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Keeping race fit for British Sailing's first Rio test

Paul Mullan
Article written by Paul Mullan

Date published 18 July 2019

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Find out how the British Sailing Team prepared for a test event in Rio prior to their successful 2016 Summer Olympics campaign.

A squad of 30 British sailors - the maximum of two entries in each of the ten Olympic classes - took to the waters of Guanabara Bay as part of the 324-sailor, 34-nation entry. The organisers used the event to trial some of the workforce, equipment, race areas and systems ahead of the Olympic regatta. The British Sailing Team, along with their international rivals, used the event as a vital opportunity to learn about the venue and weather conditions, and what the key ingredients would be towards medal success on Brazilian waters.

The team partnered with Healthspan Elite in the build-up to the event to access nutritional supplements to aid the sailors' physical preparation and wellness as they prepared for competition at the South American venue.

Before the event, the British Sailing Team's Head of Sports Science and Medicine, Paul Mullan, explained the merits of this nutritional support.

"Due to the World Championships falling in just a few weeks' time, our guys have come out to Rio in a higher state of training that we wouldn't normally see running into a major event. As such it's likely that their immune systems are going to be more suppressed. Some of the practices that we employ to help with that include nutritional supplementation for a minimum of two weeks leading into a period where we're trying to sharpen immune systems.

"We've teamed up with Healthspan Elite and use their supplements to aid this - High Strength Probiotic, their Gold A-Z MultiVitamin and High Strength Omega 3 - all of them are batch tested, so they're absolutely perfect for our guys."

"This is one of many practices we employ with the aim of supporting the immune system. Probiotics have been shown to reduce the severity and duration of upper respiratory tract infections in the research trials. In our practical experience we feel that it helps to support immune function through maintaining good gut health particularly during periods of stress and vulnerability. The gut plays an important role in immune function so keeping it healthy can help to prevent you getting ill especially when faced with germs and bacteria you might experience in foreign countries that you wouldn't normally experience in the UK."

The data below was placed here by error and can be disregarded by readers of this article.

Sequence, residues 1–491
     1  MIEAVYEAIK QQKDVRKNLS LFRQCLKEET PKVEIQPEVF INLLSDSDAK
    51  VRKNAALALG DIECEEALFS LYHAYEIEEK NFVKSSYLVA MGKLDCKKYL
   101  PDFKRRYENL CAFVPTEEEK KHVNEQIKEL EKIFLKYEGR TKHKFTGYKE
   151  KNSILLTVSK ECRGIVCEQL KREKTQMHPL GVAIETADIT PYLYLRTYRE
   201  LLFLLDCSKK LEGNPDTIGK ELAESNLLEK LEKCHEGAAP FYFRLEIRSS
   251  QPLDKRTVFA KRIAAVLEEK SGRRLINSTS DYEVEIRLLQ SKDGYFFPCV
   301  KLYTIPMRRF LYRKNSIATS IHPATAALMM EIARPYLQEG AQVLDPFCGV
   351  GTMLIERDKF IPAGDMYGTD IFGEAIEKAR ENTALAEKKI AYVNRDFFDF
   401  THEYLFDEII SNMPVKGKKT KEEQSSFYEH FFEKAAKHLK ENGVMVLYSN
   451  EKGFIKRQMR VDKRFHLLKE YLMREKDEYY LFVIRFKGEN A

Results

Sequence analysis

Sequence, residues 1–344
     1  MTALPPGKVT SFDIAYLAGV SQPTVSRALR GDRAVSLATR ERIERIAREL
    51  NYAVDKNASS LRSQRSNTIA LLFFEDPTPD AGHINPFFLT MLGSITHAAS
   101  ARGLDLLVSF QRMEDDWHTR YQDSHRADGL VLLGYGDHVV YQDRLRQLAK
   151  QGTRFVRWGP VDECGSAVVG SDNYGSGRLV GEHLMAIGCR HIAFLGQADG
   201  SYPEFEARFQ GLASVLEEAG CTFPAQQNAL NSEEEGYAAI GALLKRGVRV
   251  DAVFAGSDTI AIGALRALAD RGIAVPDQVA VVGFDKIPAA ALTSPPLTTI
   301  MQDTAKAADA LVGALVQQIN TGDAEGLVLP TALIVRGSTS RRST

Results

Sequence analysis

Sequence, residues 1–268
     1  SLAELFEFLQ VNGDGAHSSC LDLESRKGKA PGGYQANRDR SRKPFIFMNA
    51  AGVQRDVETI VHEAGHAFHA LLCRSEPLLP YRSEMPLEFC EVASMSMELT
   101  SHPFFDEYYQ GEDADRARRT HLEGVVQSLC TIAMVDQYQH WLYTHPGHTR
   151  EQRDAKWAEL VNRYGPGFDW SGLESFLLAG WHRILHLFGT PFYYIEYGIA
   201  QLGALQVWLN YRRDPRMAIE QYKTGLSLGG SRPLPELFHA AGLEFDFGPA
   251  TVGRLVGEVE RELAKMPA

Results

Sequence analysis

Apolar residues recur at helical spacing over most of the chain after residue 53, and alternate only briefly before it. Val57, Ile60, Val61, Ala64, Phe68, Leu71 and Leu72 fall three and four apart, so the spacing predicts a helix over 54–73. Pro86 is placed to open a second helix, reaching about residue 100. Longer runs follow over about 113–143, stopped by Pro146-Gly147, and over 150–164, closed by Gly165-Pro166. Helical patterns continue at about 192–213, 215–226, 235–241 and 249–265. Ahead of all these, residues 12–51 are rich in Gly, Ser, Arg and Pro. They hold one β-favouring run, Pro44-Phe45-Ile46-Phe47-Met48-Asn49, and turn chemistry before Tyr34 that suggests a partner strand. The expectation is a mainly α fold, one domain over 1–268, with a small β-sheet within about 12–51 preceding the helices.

Mullan continued: "The MultiVitamin is something we always supplement during heavy training periods to ensure the body has everything it needs to repair and adapt. I particularly like the Healthspan Elite Gold A-Z MultiVitamin as it provides 100% of your recommended daily allowance, no more no less. A lot of off-the-shelf vitamins you can get super high dosages of certain vitamins which can actually have the reverse effects on immune function if used for too long a period.

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"Omega 3 Fish oils have been shown to have so many different effects from promoting adaptation, preventing muscle breakdown, supporting cognitive function and supporting immune function, so it's a great all round supplement to have."

In spite of widespread media reports about poor water quality at the 2016 venue, Mullan insisted that the team was not unduly concerned from a health perspective.

"I don't think we are at a significantly greater risk of picking up illnesses out here in Rio. There's a lot of hype about the water here - I can say we've never experienced anything from an illness perspective that you can put down to the water quality, and even someone told us what the water quality level was, we wouldn't be doing anything different - we are already covering all bases, just as with every event we go to. There are times even in the UK that the water quality can be less than ideal in certain areas."

"That's something that's beyond our control - what is in our control is how we go about preparing ourselves. The reality is that we don't prepare the sailors any differently out here than we do in Europe or the UK. It's about common sense, making sure that you're not eating your food with dirty hands for example, but that's the same wherever you are."

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Paul Mullan

About Paul Mullan

Paul Mullan left his role as Head of Sports Science and Medicine at British Sailing to become Head of Performance Support Team at British Cycling.